US Senate approves $95 billion aid bill to support Ukraine, Israel war effort

US Senate approves $95 billion aid bill to support Ukraine, Israel war effort
Updated 24 April 2024

US Senate approves $95 billion aid bill to support Ukraine, Israel war effort

US Senate approves $95 billion aid bill to support Ukraine, Israel war effort
  • Ukraine, who has been been on the back foot in its war against Russia, welcomed the vote
  • Israel, which has killed more than 34,000 in Gaza, plans to attack Rafah to free hostages held by Hamas

WASHINGTON: A sweeping foreign aid package easily passed the US Congress late on Tuesday after months of delay, clearing the way for fresh Ukraine funding amid advances from Russia’s invasion force and Kyiv’s shortages of military supplies.
The Senate approved by 79 to 18 four bills passed by the House of Representatives on Saturday, after House Republican leaders abruptly switched course last week and allowed a vote on the $95 billion in mostly military aid for Ukraine, Israel and Taiwan and US partners in the Indo-Pacific.
The four bills were combined into one package in the Senate.

US President Joe Biden shakes hands with Ukrainian President Volodymyr Zelensky during a meeting in the Oval Office of the White House in Washington, DC, on December 12, 2023. (AFP)

The largest provides $61 billion in critically needed funding for Ukraine; a second provides $26 billion for Israel and humanitarian aid for civilians in conflict zones around the world, and a third mandates $8.12 billion to “counter communist China” in the Indo-Pacific.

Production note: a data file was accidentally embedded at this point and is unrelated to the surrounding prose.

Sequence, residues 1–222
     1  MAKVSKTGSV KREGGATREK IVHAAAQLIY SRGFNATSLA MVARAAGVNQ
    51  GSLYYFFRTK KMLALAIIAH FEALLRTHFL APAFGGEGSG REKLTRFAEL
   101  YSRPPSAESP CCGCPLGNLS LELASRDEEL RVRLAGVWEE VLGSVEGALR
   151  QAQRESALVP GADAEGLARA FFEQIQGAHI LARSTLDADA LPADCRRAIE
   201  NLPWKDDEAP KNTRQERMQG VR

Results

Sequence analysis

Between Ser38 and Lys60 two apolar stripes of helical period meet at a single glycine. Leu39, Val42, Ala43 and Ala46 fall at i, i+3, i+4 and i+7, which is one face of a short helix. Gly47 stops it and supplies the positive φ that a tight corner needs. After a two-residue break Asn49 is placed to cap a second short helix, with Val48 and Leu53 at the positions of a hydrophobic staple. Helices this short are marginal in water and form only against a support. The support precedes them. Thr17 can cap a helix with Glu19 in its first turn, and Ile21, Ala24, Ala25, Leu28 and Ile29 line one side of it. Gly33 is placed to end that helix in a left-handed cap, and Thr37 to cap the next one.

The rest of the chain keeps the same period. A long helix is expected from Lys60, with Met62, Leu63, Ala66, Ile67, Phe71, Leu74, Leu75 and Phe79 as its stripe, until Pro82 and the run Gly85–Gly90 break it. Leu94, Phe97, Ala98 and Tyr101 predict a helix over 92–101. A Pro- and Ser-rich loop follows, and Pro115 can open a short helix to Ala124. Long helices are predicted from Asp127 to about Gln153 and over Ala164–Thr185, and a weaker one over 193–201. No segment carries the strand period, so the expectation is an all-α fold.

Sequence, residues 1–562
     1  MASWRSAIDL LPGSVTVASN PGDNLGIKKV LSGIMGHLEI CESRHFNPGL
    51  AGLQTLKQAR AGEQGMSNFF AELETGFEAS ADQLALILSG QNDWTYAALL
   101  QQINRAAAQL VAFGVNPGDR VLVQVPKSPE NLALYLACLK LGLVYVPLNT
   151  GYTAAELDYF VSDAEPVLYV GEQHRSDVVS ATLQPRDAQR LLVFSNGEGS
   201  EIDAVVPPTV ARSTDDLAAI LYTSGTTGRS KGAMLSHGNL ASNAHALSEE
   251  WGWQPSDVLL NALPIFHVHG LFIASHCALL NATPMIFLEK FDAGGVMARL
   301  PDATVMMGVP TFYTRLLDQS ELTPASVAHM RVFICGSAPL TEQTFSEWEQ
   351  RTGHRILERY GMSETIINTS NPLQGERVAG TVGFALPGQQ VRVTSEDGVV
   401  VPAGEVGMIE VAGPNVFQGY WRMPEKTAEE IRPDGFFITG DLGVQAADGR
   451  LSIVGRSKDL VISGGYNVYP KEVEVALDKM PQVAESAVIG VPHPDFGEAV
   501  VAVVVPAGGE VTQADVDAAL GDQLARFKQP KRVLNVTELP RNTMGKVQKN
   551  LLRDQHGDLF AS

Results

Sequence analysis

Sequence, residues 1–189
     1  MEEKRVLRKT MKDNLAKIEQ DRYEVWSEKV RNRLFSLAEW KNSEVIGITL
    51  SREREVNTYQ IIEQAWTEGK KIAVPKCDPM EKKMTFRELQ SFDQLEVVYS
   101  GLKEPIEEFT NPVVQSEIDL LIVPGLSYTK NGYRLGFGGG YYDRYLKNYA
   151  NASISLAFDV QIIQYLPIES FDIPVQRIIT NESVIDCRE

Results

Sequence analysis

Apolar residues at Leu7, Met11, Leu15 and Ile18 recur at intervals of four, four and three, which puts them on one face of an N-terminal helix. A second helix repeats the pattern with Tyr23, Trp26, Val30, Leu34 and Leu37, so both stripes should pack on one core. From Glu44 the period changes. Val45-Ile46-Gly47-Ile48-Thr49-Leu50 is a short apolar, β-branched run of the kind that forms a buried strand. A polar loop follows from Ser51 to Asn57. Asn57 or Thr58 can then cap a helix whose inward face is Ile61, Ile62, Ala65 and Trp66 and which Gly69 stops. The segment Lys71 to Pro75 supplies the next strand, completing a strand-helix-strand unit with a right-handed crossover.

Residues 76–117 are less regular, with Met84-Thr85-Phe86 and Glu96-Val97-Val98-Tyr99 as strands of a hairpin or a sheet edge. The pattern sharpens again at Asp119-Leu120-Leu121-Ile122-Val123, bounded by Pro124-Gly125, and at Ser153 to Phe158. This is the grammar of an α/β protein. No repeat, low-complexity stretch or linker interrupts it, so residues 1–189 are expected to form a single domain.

A fourth, which the House added to the package last week, includes a potential ban on the Chinese-controlled social media app TikTok, measures for the transfer of seized Russian assets to Ukraine and new sanctions on Iran.
Biden has promised to sign the measure into law as soon as it reaches his desk, and his administration is already preparing a $1 billion military aid package for Ukraine, the first to be sourced from the bill, two US officials told Reuters.
The Senate’s Democratic and Republican leaders predicted that Congress had turned the corner in putting Russian President Vladimir Putin and other foreign adversaries on notice that Washington will continue supporting Ukraine and other foreign partners.
“This is an inflection point in history. Western democracy perhaps faced its greatest threat since the end of the Cold War,” Democratic Majority Leader Chuck Schumer said in the Senate.